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Chardonnay Re-stock

Ok so Christmas is done for another year, the rellos have gone home and the “visitors” cellar is tapped.
You are about to or have returned to work and its still nice to have something fresh to come home to.
My solution to that is Chardonnay, you have spent Christmas drinking (and I say this in the most open-minded way) all manner of white wine to be polite, but its January now and time to enjoy some of life’s simpler pleasures.
Below is a selection of Chardonnay, and if you are a fan then most of these should appeal, they range from the high teens to $30 and are available by the dozen.
Fat Bastard Chardonnay 2014/2015 $17
Community Wines has been in business for 18 months and in that time, I have sold bucket loads of this wine. Why? Because people still like the old school “phat” style of chardonnay…lots of oak, lots of fruit done well. This particular one is made on the US West Coast, and I would say to anyone…before you chuckle at the name or the wine, try some – you’ll buy more.
Aged on French and American Oak, this wine offers bang for buck. The nose is a mix of stone fruit, lemons and almonds and as you take a mouthful it evolves into lusher stone fruit, a balance of lemon citrus followed by spice and butterscotch.
If you drink old school chardonnay, prepare to be addicted.
Punt Road Chardonnay 2017 $22
I did a mailout on the Punt Road releases, a few months back and what I said then has come to fruition…a bit of bottle age has opened the wine up and there is definite stone fruit development.
This is a very good wine, its not a keeper, it’s a drinker/a quaffer so to speak. If you are a fan of the Yarra Valley style – good use of oak balanced with great quality fruit, then this offers an opportunity to drink something nice without the price tag.
Here is what I said a few months back:
The nose is a mix of tropical fruit and citrus (grapefruit and mandarins) backed by hints of oak. The palate is an exercise in balance, acids are totally in balance with the mouth textures and the oak. Nothing sticks out and this chardonnay has a very soft finish. Dominant flavours coming through are grapefruit, mandarin and oranges, normally the hallmark of Yarra fruit is a balance of citrus and stone fruits. But due to the cool nights of the ’17 vintage the stone fruit is not so apparent. Back to my caveat, come January and beyond with a bit of bottle development this wine will flesh out further and stone fruit flavours will come to the fore. Definitely a short-term keeper, this is a great drinking chardonnay for the next 12 months. Perfect for barbecues and parties.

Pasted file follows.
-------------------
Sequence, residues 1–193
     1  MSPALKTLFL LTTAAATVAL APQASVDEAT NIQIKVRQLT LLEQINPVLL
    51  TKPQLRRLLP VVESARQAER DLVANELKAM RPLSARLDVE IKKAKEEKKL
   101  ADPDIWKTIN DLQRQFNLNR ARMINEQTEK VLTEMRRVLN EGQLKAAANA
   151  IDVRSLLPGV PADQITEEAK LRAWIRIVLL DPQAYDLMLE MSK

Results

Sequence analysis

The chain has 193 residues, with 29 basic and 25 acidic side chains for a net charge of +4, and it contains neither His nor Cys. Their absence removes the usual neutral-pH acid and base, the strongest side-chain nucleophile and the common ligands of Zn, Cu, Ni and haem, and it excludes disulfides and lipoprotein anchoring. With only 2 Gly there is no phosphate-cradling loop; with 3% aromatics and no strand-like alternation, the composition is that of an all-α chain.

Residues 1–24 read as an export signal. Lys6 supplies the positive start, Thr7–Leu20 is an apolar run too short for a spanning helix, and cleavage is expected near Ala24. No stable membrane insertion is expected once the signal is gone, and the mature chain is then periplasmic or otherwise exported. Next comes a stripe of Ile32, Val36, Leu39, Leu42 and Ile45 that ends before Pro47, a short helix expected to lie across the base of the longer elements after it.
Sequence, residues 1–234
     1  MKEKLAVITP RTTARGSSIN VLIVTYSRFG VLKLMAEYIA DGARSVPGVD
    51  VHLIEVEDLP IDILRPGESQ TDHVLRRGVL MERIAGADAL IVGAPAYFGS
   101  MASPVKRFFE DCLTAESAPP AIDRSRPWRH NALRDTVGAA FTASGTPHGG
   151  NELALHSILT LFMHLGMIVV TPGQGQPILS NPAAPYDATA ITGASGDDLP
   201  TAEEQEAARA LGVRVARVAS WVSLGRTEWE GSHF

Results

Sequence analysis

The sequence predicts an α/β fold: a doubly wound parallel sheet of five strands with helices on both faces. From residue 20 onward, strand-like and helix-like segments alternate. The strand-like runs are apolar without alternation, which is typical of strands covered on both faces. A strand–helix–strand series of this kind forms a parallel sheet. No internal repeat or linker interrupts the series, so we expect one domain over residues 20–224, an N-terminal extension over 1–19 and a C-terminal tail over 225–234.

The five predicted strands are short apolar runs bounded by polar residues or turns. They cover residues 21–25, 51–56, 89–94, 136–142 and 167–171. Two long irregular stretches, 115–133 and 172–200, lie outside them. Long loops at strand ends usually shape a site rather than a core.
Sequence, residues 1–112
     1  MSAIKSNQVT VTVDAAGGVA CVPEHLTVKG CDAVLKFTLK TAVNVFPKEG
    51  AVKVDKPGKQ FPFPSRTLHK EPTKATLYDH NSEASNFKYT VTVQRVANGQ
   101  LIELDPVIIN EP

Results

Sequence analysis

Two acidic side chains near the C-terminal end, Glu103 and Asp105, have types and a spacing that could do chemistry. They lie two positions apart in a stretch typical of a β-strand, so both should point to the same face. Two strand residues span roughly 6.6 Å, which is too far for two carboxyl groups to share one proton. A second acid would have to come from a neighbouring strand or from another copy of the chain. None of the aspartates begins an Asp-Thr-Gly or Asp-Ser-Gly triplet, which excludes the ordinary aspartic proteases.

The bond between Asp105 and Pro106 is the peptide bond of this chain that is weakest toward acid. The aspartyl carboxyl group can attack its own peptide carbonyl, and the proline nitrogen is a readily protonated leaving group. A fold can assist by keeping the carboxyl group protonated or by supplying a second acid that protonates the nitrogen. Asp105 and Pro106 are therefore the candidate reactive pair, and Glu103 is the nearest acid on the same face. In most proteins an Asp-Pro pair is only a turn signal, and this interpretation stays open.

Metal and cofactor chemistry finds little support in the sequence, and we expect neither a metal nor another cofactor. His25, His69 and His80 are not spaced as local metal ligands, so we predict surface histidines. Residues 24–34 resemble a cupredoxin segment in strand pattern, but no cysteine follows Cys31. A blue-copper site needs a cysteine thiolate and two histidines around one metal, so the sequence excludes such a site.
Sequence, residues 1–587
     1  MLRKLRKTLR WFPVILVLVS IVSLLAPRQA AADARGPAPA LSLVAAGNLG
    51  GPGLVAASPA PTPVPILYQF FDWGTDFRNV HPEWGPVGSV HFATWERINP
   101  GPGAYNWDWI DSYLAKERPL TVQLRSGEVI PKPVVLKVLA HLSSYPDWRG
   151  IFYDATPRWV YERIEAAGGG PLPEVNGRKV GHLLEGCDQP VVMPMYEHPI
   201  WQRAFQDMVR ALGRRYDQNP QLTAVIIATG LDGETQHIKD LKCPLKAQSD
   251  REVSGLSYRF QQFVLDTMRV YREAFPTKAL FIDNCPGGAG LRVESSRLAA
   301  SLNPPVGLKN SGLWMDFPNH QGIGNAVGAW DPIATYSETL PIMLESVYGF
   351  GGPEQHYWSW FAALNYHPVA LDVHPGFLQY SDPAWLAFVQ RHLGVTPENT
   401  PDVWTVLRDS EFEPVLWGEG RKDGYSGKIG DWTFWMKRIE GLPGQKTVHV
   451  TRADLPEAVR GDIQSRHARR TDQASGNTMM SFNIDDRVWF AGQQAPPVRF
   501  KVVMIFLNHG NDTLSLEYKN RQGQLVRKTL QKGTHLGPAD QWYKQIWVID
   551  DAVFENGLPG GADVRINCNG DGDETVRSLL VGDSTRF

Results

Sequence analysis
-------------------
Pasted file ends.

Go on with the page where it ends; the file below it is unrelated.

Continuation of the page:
Lightfoot & Sons Myrtle Point Chardonnay 2016 $25
I love these guys, they make great wine in one of the most inhospitable winegrowing regions in Australia – Gippsland…and they do it well. The wines are made in what can only be described as a slightly Burgundian style (a nod to the heritage of their two main varieties Chardonnay and Pinot Noir). I am not claiming you take a sip and suddenly you’ll feel like you are in Burgundy, just the winemaking is stylistically more Burgundian than Australian.
On the nose citrus is predominant (think lemon curd), but you also get melons and peaches with hints of almond (think marzipan). But it is the palate where this wine kicks off. 100% French oak (with a touch of new), matched with a little bit of malo and some lees stirring…gets the textures just right. This wine is without a doubt a stone fruit (white peaches) and citrus ride. The acid just folds right in with everything else. Definitely a wine you are thinking about the next glass mid sip. I have consumed multiple vintages of this wine and keep coming back for more.
Clarence House Chardonnay 2016 $28
This is not leave the best til last, but god this is a good wine. Every client who has purchased some has thanked me. It is not a discovery, it has been around for a while. Not only is this good wine, it is a bargain to boot!
The nose is apple and citrus (fitting for Tassie) and struck match, very easy to sit and smell for a while. There is some spice on the nose, but you need to look for it. The palate is lighter in style, oak is used in balance with the fruit, it is not overt. Lemon citrus notes and minerality predominate, but as the wine opens up it becomes fleshier and stonefruit makes a vague appearance. The back ground offers some spice.
This is a great wine and to be honest I don’t think my notes do it justice.
If you want to grab a dozen (or more) of any of these great chardonnays, let me know and I will organise it for you.
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